In 1903 Sim Hodges retired as postmaster and Terrel Kitchens became 

postmaster followed by Dr. Charles Gibson, Virgil Snider, Nell Raley Marsh and 

Lillie K. Raley, the present postmaster.  Mrs. Marsh retired in 1970 with 36 

years service.  Rural carriers have been Arthur Kitchens, Jim Nunn, P.M. Cawley, 

B.C. Kitchens, Sterling Gibson, John f. Wilcher, Alvin T, Downs, Jr. and Marion 

L. Snider, the last two being the present carriers.  Mr. Gibson was transferred 

to Mitchell from the Argicola Post Office.

  The first post office was in Sim Hodges store, then in a little frame 

building where Mrs. Nell Marsh's old furniture store is now located.  When Nell 

marsh became postmaster, it was moved where Cathy's Ceramic Shop is located.  

The story goes that Dray Bell (Lawrence Bell) who hauled all the freight from 

the depot years ago around to the stores, moved all the equipment in the old 

post office to the new location.  Long ago Lawrence Bell had an ox and cart and 

this was knows as The Drey Freight Line.  Mr. Bell was of the Negro race.

  At one time Mitchell had a news paper, The Mitchell Banner, published by 

Arthur Kitchens.  Mr. Kitchen's pen name was "Abe Dennis."  This was in the 

early 1900's.  Mr. Kitchen's later wrote the Mitchell news under the same pen 

name in the Gibson Record.

  Electricity first came to Mitchell in 1926.  The records are still intact, 

showing that Dr. Charles Gibson (mayor) and Mr. Albert Wilcher (town clerk) 

sighed the essential papers that Mitchell might have electric lights fifty years 

ago this year.

  The first pea cannery in the county was in Mitchell from 1930 to 1942, owned 

by Roy Kelly, son of O.L. Kelly.  It employed mostly women; this was probably 

the first work outside the home for most women other than field work.

  The first telephone line in Mitchell was built by Paul Swint of Gibson and R. 

M. Coleman.  Then old fashion telephones were used with a crank to ring the 

bells.  When the line came to Mitchell, lines were also built in other parts of 

the country side.  People wanting telephones built their own lines.  Southern 

Bell came to Mitchell in 1951, and this was a new day in telephones.

  The first Coca cola truck, a Model T. Ford stripped down to make a truck, to 

come to Mitchell was run by R. R. Raley who hauled them from Wrens.

  Mitchell has about half the population it did 40 years ago.  An eye witness 

says Negroes by the train car load left Mitchell years ago going north.  Also,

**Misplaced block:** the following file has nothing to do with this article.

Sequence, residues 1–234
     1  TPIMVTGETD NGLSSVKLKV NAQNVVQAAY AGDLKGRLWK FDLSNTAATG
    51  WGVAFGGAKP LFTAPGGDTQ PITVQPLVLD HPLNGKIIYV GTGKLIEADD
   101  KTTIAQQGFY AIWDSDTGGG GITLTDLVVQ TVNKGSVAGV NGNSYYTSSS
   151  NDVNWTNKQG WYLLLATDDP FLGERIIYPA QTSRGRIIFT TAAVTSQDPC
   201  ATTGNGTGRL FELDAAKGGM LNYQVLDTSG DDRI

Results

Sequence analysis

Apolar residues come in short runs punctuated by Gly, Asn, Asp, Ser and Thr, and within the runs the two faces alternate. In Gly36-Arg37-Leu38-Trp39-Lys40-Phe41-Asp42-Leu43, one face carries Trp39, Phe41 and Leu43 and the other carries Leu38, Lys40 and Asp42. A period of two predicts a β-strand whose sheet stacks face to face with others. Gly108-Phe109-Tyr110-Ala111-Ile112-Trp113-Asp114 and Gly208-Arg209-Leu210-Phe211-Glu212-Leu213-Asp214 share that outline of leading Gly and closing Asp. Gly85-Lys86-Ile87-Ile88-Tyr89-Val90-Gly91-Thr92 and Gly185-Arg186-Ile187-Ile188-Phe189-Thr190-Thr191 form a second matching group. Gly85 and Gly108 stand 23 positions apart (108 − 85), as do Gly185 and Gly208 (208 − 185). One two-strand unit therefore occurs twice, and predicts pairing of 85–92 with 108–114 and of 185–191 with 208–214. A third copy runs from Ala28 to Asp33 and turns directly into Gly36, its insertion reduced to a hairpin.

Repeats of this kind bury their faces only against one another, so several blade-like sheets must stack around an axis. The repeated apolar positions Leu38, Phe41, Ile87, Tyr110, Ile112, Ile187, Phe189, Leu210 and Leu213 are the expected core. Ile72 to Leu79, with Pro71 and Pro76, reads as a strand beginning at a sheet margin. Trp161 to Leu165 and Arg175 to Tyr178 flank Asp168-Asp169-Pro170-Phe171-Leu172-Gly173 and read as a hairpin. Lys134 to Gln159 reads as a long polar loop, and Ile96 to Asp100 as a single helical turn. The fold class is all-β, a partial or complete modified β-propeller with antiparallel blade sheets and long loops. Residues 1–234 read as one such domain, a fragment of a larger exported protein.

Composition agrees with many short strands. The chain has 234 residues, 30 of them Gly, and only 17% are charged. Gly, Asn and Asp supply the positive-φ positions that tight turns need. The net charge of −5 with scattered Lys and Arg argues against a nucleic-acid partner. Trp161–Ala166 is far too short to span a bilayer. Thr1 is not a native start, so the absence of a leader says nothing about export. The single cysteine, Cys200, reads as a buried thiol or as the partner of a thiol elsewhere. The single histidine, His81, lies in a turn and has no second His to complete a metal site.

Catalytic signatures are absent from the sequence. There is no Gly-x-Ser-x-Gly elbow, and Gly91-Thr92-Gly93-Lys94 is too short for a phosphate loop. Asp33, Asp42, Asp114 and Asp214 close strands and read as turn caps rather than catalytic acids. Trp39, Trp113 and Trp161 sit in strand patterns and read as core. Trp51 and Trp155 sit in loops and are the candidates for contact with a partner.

farmers in the area left the soil and moved to town to work in factories and 

other places to make better livings for their families.

  Other Interesting Notes

  Railroad was taken up in 1935.

  Some remembers and old brick yard on the old Bat Kitchens place where Carvin 

Todd now lives.  It seems to have been before any brick was used in Mitchell.

  Broom factory at Scruggsville was operated by the blind Snider boys.

  Shoals was probably one of the first post offices in the area.  River boats 

would go up the river to Shoals with mail, this being only letters, since there 

was no parcel post in that day.  We're told the letters would be addressed to:

        Mr. And Mrs. So and So

        To Shoals on the Ogeechee.

  Sand (iron) rock was mined on the old Dickens Place and hauled to Shoals by 

ox cart.  Iron was melted out of the rocks in a smelting furnace.

  George Winn, Dr. Boze Kitchen's son-in-law, ran a garage in what is knows as 

the old Wilcher store.  Later it became a mercantile store.  The little building 

beside it was Dr. Boze's office.

  Everyone around Mitchell went to Kitchens Mill to have wheat and corn ground 

to make bread.  Back in the depression some even ate rye bread that was ground 

there.  The old mill, though not in use, is located on Joe's creek and owned 

presently by Buford Kent.

  Amusing Notes:

  It is told that four or five people were sitting up with a corpse at the "Old 

Dickens House," and it seems that the coffin must have been sitting on the floor 

with a sheet spread over it to cover the corpse.  The sheet started going up and 

down like the woman in the coffin was breathing.  One lady ran out in the yard 

screaming and some decided they had better investigate.  They found a little 

green frog sitting on the woman's breast and when the little frog would breathe 

the sheet would go up and down making it appear that the corpse was breathing.  

This is said to be a true story.

  Then we're told that some of the young men went out one night to serenade 

some newly weds.  They were coming back and decided to serenade Mr. Scruggs, who 

was an old bachelor.  It seems Mr. Scruggs didn't want to be serenaded before he 

was married, so he went and got his shotgun, and you now the rest of the story, 

the serenading was over and the dancing started...

Enquires concerning this chart should be directed to Wayne Dorough at